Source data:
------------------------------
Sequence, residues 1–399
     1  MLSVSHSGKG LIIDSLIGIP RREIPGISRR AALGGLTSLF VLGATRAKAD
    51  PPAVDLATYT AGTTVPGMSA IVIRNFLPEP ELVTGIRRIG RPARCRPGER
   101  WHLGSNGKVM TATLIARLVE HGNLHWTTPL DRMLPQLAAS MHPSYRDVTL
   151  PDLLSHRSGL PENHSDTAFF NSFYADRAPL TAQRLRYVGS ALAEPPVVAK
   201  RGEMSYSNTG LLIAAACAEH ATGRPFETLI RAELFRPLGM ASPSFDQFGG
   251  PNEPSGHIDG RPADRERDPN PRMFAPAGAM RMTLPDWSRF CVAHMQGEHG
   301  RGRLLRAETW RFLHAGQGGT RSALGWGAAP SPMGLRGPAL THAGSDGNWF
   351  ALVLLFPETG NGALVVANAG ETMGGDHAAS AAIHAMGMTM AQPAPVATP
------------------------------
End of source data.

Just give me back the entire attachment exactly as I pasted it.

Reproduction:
Sequence, residues 1–399
     1  MLSVSHSGKG LIIDSLIGIP RREIPGISRR AALGGLTSLF VLGATRAKAD
    51  PPAVDLATYT AGTTVPGMSA IVIRNFLPEP ELVTGIRRIG RPARCRPGER
   101  WHLGSNGKVM TATLIARLVE HGNLHWTTPL DRMLPQLAAS MHPSYRDVTL
   151  PDLLSHRSGL PENHSDTAFF NSFYADRAPL TAQRLRYVGS ALAEPPVVAK
   201  RGEMSYSNTG LLIAAACAEH ATGRPFETLI RAELFRPLGM ASPSFDQFGG
   251  PNEPSGHIDG RPADRERDPN PRMFAPAGAM RMTLPDWSRF CVAHMQGEHG
   301  RGRLLRAETW RFLHAGQGGT RSALGWGAAP SPMGLRGPAL THAGSDGNWF
   351  ALVLLFPETG NGALVVANAG ETMGGDHAAS AAIHAMGMTM AQPAPVATP